Day 33 - Palpation (27/10/2017)

Hospital day! Definitely my favourite day of the timetable - started at 8am with a lecture on imaging of the urinary tract, and clinical diseases thereof. Into the anatomy labs afterwards, for a more hands-on approach. Picking up plastinated bits of tissue is always such a strange experience, but I can't think of a better way to do it.

This was followed by our second radiography session. I'm horrifically ashamed to say that I fell asleep and therefore remember very little of it. This was probably down to a combination of weaning myself off the caffeine tablets and the raised temperature inside a very dark seminar room. According to the people sat next to me I looked very much engaged throughout and was nodding almost enthusiastically in my seat. At least the lecturers were kind enough (or thankfully unaware enough) not to pick on me.

In the afternoon we had a double-length clinical skills session, our first introduction to performing an abdominal exam. This required exposing our very own abdomens as we naturally practice on one other - a fact that we were apparently supposed to be warned about in advance. Ah well.

There were a lot of new skills to pick up, including palpation (pressing down in a convincing-looking manner while making affirmative noises to yourself despite having no idea what's happening); and percussing (striking the back of a digit pressed against the patient's skin to assess the density of the material underneath). You can use these techniques to find organs of interest and investigate any enlargement or tenderness. We also performed auscultations, in this case the process of listening to the abdomen with a stethoscope for any unusual bowel sounds.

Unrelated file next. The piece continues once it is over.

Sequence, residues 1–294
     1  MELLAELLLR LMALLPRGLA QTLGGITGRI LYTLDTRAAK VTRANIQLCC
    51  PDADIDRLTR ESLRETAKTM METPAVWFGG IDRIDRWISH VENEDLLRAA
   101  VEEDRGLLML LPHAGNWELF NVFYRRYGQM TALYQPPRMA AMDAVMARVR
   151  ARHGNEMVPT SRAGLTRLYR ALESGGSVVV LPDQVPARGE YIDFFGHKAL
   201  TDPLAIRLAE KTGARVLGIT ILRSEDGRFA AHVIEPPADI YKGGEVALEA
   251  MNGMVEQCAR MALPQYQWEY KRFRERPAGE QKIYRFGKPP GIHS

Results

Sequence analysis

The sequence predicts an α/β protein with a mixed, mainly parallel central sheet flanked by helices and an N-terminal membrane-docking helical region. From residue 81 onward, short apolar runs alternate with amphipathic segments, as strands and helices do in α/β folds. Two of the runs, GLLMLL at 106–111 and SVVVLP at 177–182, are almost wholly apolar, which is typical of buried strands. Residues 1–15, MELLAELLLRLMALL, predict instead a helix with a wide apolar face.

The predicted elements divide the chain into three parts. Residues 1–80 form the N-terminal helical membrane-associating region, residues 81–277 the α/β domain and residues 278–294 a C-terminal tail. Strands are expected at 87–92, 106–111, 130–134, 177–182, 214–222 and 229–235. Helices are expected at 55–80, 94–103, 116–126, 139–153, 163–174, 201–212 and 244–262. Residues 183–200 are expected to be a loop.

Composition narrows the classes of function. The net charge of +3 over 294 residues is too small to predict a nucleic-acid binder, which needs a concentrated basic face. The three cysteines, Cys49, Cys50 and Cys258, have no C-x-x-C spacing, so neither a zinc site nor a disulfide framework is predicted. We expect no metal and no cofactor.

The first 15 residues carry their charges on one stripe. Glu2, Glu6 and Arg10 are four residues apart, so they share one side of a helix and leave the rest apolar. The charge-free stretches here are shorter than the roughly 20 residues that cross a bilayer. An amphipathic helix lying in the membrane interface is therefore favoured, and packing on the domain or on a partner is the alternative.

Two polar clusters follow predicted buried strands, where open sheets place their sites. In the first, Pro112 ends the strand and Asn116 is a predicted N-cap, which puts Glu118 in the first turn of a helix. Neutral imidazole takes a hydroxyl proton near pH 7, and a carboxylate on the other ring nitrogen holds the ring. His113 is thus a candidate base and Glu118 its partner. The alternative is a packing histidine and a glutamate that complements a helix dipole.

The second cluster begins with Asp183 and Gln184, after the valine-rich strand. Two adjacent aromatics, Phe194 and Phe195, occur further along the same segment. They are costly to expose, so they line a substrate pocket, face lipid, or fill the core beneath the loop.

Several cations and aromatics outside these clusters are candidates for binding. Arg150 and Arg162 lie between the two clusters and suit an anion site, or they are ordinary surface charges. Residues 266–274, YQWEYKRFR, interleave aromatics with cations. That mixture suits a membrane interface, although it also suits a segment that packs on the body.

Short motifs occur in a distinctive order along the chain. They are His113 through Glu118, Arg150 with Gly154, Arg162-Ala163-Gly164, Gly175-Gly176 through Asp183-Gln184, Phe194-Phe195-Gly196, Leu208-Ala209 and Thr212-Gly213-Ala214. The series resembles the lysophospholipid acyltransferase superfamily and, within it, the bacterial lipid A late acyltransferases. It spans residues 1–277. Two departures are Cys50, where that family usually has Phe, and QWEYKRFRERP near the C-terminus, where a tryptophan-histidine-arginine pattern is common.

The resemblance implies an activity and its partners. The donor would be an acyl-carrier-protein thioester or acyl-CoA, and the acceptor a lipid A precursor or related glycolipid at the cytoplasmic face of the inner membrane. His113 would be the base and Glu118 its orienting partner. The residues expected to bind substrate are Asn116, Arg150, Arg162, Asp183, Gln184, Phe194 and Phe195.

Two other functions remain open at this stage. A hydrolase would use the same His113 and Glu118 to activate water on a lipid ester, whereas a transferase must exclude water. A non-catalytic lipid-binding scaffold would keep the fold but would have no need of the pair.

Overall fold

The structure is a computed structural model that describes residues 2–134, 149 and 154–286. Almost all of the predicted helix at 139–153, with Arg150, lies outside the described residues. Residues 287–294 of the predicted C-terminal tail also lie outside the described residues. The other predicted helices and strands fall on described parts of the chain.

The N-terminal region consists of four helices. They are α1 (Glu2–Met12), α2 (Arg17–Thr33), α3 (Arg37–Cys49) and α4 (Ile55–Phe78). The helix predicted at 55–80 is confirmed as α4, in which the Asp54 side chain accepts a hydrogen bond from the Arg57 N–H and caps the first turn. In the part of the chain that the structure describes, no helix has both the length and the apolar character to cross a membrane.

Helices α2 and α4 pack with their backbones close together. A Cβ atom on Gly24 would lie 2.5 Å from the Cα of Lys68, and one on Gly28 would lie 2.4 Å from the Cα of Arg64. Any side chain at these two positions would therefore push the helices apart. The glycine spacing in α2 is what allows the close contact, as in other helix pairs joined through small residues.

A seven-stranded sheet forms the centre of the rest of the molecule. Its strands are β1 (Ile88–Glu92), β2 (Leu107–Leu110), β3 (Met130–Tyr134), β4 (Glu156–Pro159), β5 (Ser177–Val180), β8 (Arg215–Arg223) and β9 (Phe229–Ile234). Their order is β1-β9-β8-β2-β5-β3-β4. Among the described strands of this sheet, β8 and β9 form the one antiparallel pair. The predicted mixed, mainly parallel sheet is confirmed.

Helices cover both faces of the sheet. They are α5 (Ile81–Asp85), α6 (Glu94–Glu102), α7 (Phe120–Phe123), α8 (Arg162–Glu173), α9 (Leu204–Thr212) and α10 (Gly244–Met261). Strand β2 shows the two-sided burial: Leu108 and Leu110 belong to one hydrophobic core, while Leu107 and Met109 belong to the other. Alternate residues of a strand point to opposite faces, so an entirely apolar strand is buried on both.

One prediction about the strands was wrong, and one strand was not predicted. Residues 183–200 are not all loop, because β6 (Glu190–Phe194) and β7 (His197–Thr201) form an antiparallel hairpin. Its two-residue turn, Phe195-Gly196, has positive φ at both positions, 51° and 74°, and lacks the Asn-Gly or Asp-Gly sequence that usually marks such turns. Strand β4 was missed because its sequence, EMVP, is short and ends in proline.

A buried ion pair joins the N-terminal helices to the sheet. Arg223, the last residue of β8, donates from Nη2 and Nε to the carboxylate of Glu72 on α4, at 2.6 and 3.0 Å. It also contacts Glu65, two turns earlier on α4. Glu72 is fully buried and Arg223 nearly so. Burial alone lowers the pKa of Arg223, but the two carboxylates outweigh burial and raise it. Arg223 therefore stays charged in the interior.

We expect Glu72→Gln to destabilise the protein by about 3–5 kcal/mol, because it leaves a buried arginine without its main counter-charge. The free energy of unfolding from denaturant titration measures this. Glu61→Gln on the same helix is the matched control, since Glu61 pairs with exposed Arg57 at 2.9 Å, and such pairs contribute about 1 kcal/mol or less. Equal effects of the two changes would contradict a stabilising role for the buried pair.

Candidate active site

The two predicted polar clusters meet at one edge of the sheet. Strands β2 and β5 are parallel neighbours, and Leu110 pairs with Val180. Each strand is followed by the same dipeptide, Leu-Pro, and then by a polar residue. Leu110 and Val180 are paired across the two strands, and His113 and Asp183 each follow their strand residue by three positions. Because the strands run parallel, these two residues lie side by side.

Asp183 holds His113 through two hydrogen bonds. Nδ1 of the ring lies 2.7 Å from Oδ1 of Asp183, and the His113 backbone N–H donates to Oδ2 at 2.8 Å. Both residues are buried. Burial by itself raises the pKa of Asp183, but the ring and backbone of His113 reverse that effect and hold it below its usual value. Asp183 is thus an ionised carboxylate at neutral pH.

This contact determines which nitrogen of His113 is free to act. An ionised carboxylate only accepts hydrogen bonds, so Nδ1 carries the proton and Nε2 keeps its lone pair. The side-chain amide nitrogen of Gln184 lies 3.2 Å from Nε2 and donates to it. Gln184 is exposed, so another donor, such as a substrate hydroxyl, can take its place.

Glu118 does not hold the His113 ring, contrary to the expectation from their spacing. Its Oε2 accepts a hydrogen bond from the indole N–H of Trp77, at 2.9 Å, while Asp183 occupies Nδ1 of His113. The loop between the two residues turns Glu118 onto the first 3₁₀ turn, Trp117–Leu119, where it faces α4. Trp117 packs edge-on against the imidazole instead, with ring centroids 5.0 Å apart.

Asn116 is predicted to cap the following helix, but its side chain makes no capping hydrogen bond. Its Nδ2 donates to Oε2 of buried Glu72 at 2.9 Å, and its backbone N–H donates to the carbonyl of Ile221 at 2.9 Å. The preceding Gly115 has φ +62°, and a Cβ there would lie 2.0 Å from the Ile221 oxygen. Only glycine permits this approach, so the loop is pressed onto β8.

I think these things are going to take A LOT of practice to get used to. I'm really enjoying the progression through our clinical skills classes, as it feels like we're covering a lot of ground reasonably quickly. Our first OSCEs are in December so there's a lot to get used to remembering, but I think most of us would like to think we could make confident and competent clinicians one day, so it's an area that I very much feel motivated to improve in as much as possible.